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Aztec High School

We know quite a bit about the loser that killed two and wounded several others at Aztec High School in Aztec, NM on December 7, 2017. But a week later, the media has already moved on, after, of course, the usual suspects have used the attack to call for various gun control schemes.

The 21 year-old killer, who would surely like his name mentioned here, was a former student of the school. He “disguised himself” as a student to get inside, though media accounts have not mentioned what such a disguise might be. He was armed with a legally purchased 9mm Glock, model unknown, and carried “multiple magazines.”

The San Juan County Sheriff, Ken Christensen, via Fox News, commented:

Christesen called the shooting a cowardly act and said [the killer] was determined to create as much carnage as he could.

‘This was a planned event,’ he said, adding the gun used in the shooting was purchased legally. ‘This person is not only a coward, he’s evil.’

He added: ‘It’s important to understand how focused he was, how deranged he was, in his intent.”

What intent was that? The killer left a note for the day:

Work, packup, prep, walk, die.’

State Police Chief Pete Kassetas said [the killer’s] first victim was Francisco I. Fernandez, who had excused himself from class to go to the bathroom and was immediately shot.

Kassetas said [the killer] then walked into the hallway, encountered Casey J. Marquez and killed her. {the killer] then walked up and down the hallway, firing randomly and into classrooms.

Officials said they believe [the killer] eventually shot himself. They said the students killed were not targeted, but were at the ‘wrong place at the wrong time.”

Christesen said there were heroes at the school that helped save lives on Thursday. He said a substitute teacher heard the gunshots but didn’t have a key to lock the door to the computer lab. So instead she took students into an office or storage area and barricaded the door.

[the kiler], who was from Aztex and worked at a local gas station, went into the room and yelled that he knew they were in there and then fired multiple shots into the room. A custodian also heard the gunshots and yelled for classrooms to lock their doors.

‘Their swift action saved a whole lot of lives and a lot of devastation,’ Christesen said.

AZCentral.com notes police found a USB drive with a message from the killer, written at 6:51 the morning of the attack:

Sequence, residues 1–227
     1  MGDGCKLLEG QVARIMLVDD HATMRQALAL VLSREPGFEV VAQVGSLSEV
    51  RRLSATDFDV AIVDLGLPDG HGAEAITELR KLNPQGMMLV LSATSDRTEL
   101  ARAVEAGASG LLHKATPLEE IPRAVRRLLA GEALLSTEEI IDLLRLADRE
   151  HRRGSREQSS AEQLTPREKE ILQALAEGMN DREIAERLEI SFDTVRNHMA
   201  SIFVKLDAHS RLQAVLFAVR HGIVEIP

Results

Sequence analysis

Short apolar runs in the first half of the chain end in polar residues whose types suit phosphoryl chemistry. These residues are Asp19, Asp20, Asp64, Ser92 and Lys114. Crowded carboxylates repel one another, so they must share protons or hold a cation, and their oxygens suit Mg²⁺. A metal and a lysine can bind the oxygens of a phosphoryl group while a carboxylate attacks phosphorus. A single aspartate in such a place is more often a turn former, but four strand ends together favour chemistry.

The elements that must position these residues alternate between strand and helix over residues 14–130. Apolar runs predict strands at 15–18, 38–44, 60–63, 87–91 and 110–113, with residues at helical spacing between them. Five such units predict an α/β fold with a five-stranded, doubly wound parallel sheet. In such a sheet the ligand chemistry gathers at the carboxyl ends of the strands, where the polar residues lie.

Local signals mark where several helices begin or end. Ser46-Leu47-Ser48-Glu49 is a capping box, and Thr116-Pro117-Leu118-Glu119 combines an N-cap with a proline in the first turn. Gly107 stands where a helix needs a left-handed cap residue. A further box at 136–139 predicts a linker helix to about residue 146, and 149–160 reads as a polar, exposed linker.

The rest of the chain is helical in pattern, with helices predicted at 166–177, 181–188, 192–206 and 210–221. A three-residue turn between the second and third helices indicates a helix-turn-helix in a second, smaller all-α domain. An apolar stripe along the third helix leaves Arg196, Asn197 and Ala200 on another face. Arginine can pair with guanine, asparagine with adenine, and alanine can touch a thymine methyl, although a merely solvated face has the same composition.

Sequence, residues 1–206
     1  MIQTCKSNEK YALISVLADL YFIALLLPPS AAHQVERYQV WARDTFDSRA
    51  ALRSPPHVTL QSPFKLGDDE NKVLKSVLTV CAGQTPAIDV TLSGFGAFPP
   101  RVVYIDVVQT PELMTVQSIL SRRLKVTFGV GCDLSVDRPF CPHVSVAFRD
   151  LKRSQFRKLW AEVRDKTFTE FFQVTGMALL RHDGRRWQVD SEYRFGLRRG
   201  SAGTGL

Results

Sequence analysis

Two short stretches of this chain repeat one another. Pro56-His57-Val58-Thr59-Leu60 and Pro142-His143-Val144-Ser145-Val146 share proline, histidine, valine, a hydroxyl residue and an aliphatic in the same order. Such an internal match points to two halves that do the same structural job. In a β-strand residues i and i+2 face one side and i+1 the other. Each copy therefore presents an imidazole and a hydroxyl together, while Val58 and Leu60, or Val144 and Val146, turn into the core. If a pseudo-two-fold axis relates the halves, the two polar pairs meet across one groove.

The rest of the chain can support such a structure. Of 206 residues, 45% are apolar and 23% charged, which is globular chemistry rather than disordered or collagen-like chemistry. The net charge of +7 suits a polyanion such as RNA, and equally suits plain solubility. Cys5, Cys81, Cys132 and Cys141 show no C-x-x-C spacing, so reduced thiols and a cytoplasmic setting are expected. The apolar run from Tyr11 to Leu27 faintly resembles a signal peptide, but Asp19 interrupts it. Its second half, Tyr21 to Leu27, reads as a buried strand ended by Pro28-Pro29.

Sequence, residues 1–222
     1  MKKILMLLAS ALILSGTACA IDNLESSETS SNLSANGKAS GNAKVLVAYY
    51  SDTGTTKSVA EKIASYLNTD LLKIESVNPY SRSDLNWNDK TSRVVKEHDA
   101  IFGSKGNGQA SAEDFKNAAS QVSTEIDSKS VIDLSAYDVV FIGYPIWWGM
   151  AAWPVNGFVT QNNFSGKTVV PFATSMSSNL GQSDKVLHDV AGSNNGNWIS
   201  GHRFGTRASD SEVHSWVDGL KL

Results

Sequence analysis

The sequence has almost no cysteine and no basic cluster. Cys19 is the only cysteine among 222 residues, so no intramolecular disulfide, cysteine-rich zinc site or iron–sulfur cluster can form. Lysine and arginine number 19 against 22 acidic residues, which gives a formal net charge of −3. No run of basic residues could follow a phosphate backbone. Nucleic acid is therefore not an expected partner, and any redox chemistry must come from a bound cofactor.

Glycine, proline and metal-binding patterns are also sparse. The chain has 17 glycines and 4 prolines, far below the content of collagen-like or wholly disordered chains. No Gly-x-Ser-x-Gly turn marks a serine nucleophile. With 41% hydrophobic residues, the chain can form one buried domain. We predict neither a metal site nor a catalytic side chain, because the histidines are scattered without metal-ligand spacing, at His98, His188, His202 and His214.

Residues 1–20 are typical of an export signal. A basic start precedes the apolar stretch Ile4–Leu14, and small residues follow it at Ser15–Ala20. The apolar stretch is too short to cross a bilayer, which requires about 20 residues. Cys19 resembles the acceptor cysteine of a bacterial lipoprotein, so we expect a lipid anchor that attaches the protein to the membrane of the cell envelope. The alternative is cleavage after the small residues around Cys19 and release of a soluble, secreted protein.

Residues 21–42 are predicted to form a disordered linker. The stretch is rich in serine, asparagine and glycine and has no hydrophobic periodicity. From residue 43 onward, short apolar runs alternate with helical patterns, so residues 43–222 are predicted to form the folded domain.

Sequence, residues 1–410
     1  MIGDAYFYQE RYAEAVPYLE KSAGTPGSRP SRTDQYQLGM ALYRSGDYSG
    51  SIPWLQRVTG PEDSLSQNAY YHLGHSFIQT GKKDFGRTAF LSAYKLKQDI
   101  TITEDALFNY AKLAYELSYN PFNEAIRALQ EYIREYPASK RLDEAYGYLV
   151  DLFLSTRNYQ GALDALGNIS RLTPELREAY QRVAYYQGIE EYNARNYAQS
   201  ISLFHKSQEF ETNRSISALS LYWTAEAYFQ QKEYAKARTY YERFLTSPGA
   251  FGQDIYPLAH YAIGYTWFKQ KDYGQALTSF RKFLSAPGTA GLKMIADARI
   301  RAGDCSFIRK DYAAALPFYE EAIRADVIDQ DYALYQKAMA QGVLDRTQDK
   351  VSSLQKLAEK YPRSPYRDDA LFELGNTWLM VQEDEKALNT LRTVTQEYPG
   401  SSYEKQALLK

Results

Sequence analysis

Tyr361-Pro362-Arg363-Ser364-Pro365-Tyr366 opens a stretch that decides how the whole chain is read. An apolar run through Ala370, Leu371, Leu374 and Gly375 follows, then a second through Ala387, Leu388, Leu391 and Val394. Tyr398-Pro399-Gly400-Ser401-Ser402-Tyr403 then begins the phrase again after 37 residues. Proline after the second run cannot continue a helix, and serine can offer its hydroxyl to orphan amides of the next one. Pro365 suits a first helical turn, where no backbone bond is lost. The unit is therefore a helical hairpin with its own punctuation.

If things go according to plan, today would be when I die. I wait until the school buses are detected, then head out on foot disguised as a student. I go somewhere and gear up, then hold a class hostage and go apes–t, then blow my brains out. Work sucks, school sucks, life sucks. I just want out of this  s–t. F–k this state, it really it bad. Think I’m insane? I’m actually more rational, peaceful and less loony than a majority of the citizenry of this entire region.

Despite this FBI contact, the killer had no criminal record, not even a traffic violation. There is also no information suggesting anyone known to the killer had any indication of his intentions, even in retrospect. According to Fox, the killer was investigated by the FBI in March of 2016 for comments he made about buying a “cheap assault rifle” to use in a mass shooting:

The FBI says it investigated the New Mexico school shooter last year about online comments, though he said he had no plans for an attack at the time.

Terry Wade, FBI special agent in charge in Albuquerque, said Atchison made generic comments in a gaming forum and that he and his family were interviewed in March 2016.

‘It was determined no crime was committed,’ he said, adding the investigation was closed.

I have been unable to find any information about whether the FBI informed the local police about the killer’s intentions, or their investigation of him. I would suspect they did not, and would not be about to admit that now. A final word from AZ Central.com:

A vigil for the dead.

The silence was deep on Main Street as 10 p.m. approached on Thursday.

White Christmas lights wrapped around a tall tree. Multi-colored strands raced around the edges of a home down the street from the school and Mexican restaurant.

A hundred yards away, a single set of flashing red and blue lights illuminated the walls of Aztec High School.

An illuminated ‘Happy Holidays’ decoration was hanging over the street, but few were around to see it.

The only people milling around the downtown streets were law-enforcement officers near the A&W fast-food restaurant and the reporters in town.

Aztec’s main drag, like most Main Streets in small towns, shuts down about 8:30 p.m., locals said. It’s part of the charm. It’s why people live in places like this, where horrific acts of violence don’t happen.

This sort of thing doesn’t happen in places like Aztec, everyone kept saying.

Except when it does.

And that’s the point. School shootings remain rare. Individual kids have less chance of being shot in a school shooting than of being struck by lightning or a meteor. The odds are in their favor. But the odds always fall against someone, somewhere, and on December 7, the odds fell against Aztec High School, with a student body of 900, in a small town of about 6000, a place no one would have imagined an attack might take place. The residents of Newtown, CT doubtless never imagined an attack on an elementary school, also in December.